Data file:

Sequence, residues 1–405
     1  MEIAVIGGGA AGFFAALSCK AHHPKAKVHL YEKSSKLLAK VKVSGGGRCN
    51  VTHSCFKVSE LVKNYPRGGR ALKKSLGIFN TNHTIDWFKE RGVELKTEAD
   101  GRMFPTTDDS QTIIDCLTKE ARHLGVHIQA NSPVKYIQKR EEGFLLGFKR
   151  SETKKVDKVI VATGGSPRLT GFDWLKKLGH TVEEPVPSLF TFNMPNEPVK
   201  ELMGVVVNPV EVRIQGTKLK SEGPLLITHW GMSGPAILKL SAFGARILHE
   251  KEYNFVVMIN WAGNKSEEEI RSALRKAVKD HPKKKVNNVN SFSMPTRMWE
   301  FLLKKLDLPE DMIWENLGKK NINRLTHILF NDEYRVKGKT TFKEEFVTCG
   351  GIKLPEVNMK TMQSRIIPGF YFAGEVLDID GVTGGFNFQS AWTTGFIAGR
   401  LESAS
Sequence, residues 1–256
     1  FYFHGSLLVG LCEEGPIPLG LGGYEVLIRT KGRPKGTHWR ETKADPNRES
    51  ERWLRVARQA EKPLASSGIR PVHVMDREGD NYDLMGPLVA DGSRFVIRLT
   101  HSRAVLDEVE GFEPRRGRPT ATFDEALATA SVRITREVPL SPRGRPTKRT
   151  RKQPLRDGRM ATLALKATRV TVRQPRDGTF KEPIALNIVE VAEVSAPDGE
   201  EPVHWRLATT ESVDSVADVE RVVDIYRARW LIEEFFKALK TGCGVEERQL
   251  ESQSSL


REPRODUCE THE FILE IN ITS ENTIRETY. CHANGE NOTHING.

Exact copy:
Sequence, residues 1–405
     1  MEIAVIGGGA AGFFAALSCK AHHPKAKVHL YEKSSKLLAK VKVSGGGRCN
    51  VTHSCFKVSE LVKNYPRGGR ALKKSLGIFN TNHTIDWFKE RGVELKTEAD
   101  GRMFPTTDDS QTIIDCLTKE ARHLGVHIQA NSPVKYIQKR EEGFLLGFKR
   151  SETKKVDKVI VATGGSPRLT GFDWLKKLGH TVEEPVPSLF TFNMPNEPVK
   201  ELMGVVVNPV EVRIQGTKLK SEGPLLITHW GMSGPAILKL SAFGARILHE
   251  KEYNFVVMIN WAGNKSEEEI RSALRKAVKD HPKKKVNNVN SFSMPTRMWE
   301  FLLKKLDLPE DMIWENLGKK NINRLTHILF NDEYRVKGKT TFKEEFVTCG
   351  GIKLPEVNMK TMQSRIIPGF YFAGEVLDID GVTGGFNFQS AWTTGFIAGR
   401  LESAS
Sequence, residues 1–256
     1  FYFHGSLLVG LCEEGPIPLG LGGYEVLIRT KGRPKGTHWR ETKADPNRES
    51  ERWLRVARQA EKPLASSGIR PVHVMDREGD NYDLMGPLVA DGSRFVIRLT
   101  HSRAVLDEVE GFEPRRGRPT ATFDEALATA SVRITREVPL SPRGRPTKRT
   151  RKQPLRDGRM ATLALKATRV TVRQPRDGTF KEPIALNIVE VAEVSAPDGE
   201  EPVHWRLATT ESVDSVADVE RVVDIYRARW LIEEFFKALK TGCGVEERQL
   251  ESQSSL